LBST 150 F TEC: The Engaged
How do we learn to listen more carefully to the human and to the natural world, and particularly to voices that might otherwise remain unheard? How does the experience of listening to the voice of a friend or the call of a bird differ from the experience of hearing a voice as we read a printed page? How can our listening practices inform the work we do as citizens? We will engage with these questions by reading, discussing, and writing in response to texts by biologists, poets, and essayists. As we learn to listen with greater attentiveness, we will learn how to communicate what we hear to diverse audiences.
LBST 150 G TEC: The Galactic Citizen
We will use science fiction novels, short stories, and television episodes to explore issues affecting humanity—and even what it means to be human. How does the advancement of technology affect who we are? How can we determine what is and is not plausible scientific advancement? How does a writer whose characters
are pointy-eared aliens use space battles and lasers to tell a story about racism? What literary and cinematographic techniques do authors use to write Sci-fi? The course will combine the scientific and literary analysis for students to critically think about and engage with issues in the modern world.
LBST 150 H TEC: Animals, People, & Environment
An examination of the interactions and interdependence among animals, people, and the environment. An interdisciplinary approach will be utilized to appreciate how the social and natural sciences come together to inform how we understand and interact with the natural world, practice conversation, and develop
environmental policy. The course will employ an exploration of basic and applied social science and natural science literature, lectures and discussions, small-scale research projects, and case study methodology to link theory with real-world application. Includes a special focus on the ways we
engage as individuals and communities with nature, conservation, and policy.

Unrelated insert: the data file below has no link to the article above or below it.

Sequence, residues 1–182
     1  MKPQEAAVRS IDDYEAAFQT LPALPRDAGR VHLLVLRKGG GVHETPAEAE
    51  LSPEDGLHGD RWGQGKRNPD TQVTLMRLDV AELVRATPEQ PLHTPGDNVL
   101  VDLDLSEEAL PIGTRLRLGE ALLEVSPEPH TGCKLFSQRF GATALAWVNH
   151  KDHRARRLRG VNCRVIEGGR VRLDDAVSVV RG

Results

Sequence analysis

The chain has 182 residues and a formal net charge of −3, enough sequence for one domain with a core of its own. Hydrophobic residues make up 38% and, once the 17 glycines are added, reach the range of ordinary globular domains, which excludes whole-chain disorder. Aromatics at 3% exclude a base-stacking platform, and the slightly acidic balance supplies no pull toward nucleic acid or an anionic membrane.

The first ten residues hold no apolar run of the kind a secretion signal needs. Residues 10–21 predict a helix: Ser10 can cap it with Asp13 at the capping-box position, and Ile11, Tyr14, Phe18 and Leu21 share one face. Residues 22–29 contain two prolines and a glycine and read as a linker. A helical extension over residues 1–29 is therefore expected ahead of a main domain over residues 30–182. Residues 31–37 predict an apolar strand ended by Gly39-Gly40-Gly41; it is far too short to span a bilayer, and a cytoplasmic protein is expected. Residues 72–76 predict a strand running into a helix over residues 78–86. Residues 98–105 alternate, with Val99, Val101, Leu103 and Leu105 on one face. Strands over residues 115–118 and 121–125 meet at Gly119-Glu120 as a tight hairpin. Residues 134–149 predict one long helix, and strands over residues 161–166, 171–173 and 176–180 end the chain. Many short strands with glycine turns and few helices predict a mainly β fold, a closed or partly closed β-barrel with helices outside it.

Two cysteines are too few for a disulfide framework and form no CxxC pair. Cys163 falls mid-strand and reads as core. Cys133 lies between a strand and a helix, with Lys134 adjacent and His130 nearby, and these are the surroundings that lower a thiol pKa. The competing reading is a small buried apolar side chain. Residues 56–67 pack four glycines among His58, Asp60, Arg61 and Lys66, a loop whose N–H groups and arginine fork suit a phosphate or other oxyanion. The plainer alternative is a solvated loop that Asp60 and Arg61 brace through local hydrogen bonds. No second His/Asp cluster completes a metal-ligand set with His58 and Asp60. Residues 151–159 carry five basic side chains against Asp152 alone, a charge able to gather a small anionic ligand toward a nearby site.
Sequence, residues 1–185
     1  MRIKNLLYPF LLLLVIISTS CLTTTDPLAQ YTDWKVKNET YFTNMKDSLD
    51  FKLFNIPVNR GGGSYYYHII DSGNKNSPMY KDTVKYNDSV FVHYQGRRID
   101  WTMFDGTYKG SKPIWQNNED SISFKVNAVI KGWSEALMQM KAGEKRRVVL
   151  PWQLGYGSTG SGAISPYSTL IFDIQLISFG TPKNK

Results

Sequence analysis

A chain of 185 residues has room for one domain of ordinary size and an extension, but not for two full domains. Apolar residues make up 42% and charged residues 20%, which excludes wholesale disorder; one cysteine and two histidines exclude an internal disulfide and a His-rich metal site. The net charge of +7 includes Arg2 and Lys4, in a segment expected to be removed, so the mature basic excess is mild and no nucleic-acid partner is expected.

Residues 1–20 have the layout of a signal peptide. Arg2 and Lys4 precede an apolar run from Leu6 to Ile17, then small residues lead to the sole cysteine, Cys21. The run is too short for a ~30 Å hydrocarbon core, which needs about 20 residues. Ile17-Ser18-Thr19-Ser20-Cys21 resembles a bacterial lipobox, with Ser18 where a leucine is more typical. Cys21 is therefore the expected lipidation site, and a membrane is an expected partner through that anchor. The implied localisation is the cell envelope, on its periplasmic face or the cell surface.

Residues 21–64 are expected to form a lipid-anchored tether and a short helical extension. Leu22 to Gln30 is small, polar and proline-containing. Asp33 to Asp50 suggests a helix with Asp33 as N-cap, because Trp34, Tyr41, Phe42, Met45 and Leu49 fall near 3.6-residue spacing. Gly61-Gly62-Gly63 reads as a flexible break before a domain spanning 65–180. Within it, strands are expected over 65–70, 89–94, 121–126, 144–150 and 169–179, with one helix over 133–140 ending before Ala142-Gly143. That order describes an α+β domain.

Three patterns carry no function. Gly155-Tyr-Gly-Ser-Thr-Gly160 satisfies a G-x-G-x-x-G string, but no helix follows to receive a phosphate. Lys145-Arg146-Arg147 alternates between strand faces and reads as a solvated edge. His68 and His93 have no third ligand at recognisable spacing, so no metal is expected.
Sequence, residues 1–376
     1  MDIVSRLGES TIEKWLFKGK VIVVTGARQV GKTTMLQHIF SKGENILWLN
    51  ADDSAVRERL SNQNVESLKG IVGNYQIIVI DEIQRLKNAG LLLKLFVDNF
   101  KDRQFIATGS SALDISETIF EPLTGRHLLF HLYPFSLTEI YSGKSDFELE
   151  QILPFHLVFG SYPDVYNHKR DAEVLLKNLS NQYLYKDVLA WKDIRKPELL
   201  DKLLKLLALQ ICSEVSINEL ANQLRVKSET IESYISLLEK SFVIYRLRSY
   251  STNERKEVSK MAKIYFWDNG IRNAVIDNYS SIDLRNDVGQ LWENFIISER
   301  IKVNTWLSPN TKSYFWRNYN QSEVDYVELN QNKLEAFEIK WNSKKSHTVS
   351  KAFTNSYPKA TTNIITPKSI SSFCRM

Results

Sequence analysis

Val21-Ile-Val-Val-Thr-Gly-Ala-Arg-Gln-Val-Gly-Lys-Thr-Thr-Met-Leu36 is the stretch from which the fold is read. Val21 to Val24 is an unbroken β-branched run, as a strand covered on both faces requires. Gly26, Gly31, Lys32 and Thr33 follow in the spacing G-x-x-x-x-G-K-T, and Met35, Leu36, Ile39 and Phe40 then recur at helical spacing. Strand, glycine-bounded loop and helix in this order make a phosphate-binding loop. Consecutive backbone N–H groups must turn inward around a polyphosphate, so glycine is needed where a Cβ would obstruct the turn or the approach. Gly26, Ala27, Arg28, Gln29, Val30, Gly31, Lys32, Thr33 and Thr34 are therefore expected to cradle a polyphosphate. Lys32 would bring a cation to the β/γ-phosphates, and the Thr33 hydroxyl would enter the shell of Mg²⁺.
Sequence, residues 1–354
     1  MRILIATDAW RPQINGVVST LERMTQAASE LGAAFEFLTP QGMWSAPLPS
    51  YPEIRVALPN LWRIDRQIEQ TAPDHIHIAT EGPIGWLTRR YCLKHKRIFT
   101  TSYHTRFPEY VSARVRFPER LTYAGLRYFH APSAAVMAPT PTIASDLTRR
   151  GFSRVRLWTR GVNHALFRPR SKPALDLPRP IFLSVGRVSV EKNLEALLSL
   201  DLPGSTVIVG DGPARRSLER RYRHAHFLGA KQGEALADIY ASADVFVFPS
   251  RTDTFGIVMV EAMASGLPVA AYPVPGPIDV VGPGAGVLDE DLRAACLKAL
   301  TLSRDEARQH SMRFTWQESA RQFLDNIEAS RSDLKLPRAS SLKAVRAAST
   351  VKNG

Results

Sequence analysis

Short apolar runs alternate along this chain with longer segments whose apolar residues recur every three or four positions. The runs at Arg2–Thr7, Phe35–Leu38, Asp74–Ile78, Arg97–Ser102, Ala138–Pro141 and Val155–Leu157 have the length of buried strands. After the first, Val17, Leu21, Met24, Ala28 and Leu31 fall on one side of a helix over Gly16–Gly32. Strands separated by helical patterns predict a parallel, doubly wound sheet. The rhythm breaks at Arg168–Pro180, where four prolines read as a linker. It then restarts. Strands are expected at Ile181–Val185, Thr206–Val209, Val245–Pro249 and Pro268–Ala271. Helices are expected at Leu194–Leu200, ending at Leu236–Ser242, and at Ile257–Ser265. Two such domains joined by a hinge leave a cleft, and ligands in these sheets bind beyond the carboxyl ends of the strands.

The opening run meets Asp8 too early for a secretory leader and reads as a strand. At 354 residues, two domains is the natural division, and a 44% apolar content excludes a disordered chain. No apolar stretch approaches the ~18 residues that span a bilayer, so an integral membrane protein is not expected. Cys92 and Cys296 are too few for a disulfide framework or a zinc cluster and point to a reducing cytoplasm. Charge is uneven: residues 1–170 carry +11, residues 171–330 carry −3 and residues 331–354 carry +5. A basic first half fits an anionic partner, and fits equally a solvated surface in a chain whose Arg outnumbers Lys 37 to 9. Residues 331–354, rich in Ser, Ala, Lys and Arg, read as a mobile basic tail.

LBST 150 I TEC: Ancient & Modern Drama
This section of TEC will explore how theatre—both ancient and modern—can function as a mode of engaged citizenship. For those on the stage, behind it, in the audience, or reading a play on their own, drama provides an opportunity for the individual and collective processing
of values and conflicts. Using practices of literary analysis, theatrical production, and dramatic performance we will explore a range of plays from 5th c. BCE Athens and contemporary theatre that treat such issues as war, gender, family, patriotism, democracy, and coming-of-age. Our work together will
culminate in hands-on projects engaging Sophocles’ Antigone.
LBST 150 J TEC: Technology Serving People
Designers have the responsibility of creating devices that are of maximal utility to citizens. Further, technology innovation can change the underlying structure of society, affecting both social connections and potentially causing social isolation. This course will explore the principles
behind the design of useful technological devices. From the psychological perspective, we will study the impacts and unintended consequences of technology on people, exploring how scientists use human factors research to determine effective design. From the perspective of computer science, students
will create multiple prototypes of smartphone applications then assess and improve them through user testing.